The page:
Before heading to a mini-conference at Gemini Ink on "How Writing Transforms Community," I changed my clothes three times. I'm always semi-tempted to wear dresses, then don't. They're not me (on most days), and although I was nervous about heading into this event and presenting on behalf of Gemini Ink's Writers-in-Communities Program, a program I believe in deeply and am proud to direct but am just getting to know. I had to go in as me.
And perhaps this is the reason I was so nervous. To quench my nervousness, I watched my absolute favorite TedTalk, The Art of Being Yourself, and sat for a few moments in silence before heading out. Because sometimes we just need to remember to say fuck it and be ourselves. Especially when we care about what we're doing.
Presenting alongside such strong community voices as Aaronetta Hamilton Pierce and Jennifer Bartlett, as well as an inspiring panel by Our Lady of the Lake's Writing With an Emphasis on Social Justice program, I quickly realized we all had the same stance - writing can be empowering, and we need to use it as a tool for communal growth and change. Funny how nerves step aside when you believe in what you're doing.
I took this job because I believe that writing—or any
developed creative output for that matter—once a part of our lives, becomes a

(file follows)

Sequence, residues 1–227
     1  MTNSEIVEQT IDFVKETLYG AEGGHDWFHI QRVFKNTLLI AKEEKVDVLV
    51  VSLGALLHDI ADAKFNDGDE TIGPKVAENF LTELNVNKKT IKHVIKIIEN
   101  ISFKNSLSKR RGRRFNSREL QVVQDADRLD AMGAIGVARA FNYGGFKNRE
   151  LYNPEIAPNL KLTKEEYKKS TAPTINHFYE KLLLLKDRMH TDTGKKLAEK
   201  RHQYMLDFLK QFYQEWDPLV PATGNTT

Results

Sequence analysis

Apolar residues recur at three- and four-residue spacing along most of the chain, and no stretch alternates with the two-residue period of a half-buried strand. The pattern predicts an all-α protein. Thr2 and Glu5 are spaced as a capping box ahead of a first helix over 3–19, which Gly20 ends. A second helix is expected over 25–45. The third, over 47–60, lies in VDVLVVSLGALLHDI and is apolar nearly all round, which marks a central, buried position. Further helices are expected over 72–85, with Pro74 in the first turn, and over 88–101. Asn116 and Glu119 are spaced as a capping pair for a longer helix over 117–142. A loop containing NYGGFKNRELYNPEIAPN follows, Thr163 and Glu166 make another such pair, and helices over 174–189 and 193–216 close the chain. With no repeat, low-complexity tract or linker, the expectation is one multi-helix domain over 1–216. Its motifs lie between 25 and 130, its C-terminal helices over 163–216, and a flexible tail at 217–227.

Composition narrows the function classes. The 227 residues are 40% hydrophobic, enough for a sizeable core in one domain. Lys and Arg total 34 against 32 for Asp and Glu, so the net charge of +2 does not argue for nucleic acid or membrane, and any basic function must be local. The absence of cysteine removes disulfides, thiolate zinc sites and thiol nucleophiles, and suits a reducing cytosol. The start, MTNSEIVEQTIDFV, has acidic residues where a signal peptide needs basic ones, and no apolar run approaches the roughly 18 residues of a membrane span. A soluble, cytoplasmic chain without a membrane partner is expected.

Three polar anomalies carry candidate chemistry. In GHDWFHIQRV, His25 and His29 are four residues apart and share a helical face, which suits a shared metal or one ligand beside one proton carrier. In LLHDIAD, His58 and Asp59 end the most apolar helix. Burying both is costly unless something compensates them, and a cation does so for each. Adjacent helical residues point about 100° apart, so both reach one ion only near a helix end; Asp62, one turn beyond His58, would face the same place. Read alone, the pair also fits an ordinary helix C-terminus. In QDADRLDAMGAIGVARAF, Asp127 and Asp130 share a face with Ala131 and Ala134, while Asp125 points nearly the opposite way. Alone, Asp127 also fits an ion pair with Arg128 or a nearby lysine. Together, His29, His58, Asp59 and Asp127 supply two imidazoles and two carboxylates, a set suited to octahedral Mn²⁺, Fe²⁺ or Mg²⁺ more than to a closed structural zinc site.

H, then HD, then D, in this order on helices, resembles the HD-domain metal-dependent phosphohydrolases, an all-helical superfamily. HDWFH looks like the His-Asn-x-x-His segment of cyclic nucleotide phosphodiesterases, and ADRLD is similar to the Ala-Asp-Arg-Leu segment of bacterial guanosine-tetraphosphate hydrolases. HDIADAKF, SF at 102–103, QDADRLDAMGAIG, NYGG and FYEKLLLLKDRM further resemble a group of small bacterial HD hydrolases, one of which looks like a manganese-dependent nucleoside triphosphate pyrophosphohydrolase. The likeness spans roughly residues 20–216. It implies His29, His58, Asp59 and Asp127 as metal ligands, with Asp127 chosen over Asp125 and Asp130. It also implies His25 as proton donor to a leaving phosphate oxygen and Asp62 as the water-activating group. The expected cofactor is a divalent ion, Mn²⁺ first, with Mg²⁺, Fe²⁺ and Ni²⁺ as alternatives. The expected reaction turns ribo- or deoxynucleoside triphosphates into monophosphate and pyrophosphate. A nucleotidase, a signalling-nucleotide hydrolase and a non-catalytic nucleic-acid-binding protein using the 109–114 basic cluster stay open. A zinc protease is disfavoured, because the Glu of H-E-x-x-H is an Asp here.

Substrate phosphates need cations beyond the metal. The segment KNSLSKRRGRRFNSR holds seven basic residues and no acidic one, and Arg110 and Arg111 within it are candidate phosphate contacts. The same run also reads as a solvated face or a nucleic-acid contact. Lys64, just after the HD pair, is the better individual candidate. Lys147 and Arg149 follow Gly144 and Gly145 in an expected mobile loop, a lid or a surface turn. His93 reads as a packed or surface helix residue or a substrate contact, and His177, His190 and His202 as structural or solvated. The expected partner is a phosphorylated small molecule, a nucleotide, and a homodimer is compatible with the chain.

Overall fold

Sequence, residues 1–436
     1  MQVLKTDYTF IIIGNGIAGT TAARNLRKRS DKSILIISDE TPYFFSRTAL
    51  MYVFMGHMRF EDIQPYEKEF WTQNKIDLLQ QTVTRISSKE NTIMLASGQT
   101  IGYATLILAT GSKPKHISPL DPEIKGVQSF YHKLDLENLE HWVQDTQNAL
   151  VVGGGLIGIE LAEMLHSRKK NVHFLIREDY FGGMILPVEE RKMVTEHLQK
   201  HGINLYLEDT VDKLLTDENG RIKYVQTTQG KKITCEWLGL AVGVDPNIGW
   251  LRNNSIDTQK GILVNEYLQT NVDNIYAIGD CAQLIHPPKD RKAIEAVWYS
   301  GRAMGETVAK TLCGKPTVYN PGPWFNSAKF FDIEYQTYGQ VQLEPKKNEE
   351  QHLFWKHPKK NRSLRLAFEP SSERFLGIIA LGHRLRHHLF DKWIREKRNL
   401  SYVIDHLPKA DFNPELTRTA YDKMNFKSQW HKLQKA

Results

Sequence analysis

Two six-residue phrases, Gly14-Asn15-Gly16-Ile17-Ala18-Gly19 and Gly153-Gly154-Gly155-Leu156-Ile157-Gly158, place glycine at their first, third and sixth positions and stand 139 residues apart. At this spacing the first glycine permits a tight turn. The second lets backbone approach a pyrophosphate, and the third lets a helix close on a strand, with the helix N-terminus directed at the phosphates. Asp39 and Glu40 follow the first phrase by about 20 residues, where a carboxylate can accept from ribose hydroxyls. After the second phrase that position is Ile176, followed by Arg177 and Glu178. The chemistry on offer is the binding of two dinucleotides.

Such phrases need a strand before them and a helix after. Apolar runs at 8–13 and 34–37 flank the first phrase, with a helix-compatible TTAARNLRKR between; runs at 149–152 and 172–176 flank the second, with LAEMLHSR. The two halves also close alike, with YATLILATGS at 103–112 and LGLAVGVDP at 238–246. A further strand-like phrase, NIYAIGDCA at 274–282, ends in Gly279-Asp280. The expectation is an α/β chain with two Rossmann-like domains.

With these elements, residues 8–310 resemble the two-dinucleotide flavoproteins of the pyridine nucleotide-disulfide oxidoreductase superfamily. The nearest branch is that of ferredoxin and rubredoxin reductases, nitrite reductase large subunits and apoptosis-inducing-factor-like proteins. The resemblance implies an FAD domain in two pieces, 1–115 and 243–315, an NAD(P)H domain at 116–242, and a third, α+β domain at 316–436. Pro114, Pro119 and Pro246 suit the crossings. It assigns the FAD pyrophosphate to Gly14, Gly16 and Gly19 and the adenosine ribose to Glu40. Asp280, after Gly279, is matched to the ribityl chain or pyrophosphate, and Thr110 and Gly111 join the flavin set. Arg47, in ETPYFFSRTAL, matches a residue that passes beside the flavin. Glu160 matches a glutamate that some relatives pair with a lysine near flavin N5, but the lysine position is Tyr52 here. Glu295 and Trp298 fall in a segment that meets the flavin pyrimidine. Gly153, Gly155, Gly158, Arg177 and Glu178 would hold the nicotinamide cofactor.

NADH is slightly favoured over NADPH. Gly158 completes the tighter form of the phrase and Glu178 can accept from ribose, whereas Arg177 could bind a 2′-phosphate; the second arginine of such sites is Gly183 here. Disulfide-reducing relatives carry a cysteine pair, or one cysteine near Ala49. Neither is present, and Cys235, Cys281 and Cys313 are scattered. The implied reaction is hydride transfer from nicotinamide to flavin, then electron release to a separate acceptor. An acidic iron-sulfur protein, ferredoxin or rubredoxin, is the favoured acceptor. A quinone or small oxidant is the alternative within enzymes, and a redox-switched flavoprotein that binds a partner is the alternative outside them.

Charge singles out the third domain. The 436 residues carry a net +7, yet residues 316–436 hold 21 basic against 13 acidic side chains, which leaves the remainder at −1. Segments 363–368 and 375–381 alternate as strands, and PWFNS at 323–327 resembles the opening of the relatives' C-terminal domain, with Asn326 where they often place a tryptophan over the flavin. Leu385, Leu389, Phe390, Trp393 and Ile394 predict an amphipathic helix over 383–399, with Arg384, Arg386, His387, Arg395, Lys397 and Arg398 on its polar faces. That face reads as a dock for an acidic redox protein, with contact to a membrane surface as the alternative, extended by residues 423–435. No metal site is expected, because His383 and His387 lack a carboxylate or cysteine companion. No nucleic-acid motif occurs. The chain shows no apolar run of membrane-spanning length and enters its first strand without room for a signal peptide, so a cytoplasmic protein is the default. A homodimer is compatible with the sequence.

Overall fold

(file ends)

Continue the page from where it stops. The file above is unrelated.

companion, and this companion transforms our view of self and our ability to
communicate. Writing, delivered by a passionate and driven teacher, can lay the
foundation of transformation not only on an individual level, but on a
community level, because the pain that many hold it, once released, loses power. Meanwhile voice, one shared with others, gains power.
While listening to others present and even when introducing my own panel and hearing/sharing stories of teaching in communities, I was reminded to reevaluate my own work for value and voice. Where am I holding back? Where am I taking the easy route? Where am I ignoring issues?
I'll add pics from the event to this blog as they come in. In the meantime, in lieu of a writing prompt, I'd like you to think about what writing really means to you and how you can use it as a tool for change or awareness. Something as simple as inserting a scene that confronts a current societal issue or something as complex as telling your own truth in a memoir, will get you there. As an exercise, try to write about something that's bothering you but you'd like to change - do it in narrative form. Taking stock can help us get back to the root of why we do what we do. It can also only work to strengthen our voices as artists.
I spent a bit of January in San Francisco, San Jose, and Sunnyvale. The rest of the month was a blur of snow, work, family, and writing. In ...
What is it that keeps a writer going? It’s a profession that guarantees regular rejection and demands of revision on one’s creation. Wha...
My father once told me he'd been a genius for a few days. For fewer than a hundred hours in his life, sometime in his early forties, ev...
A few observations for March.... Giving without thinking about personal gain ends up bringing personal gain. I've meditated for over...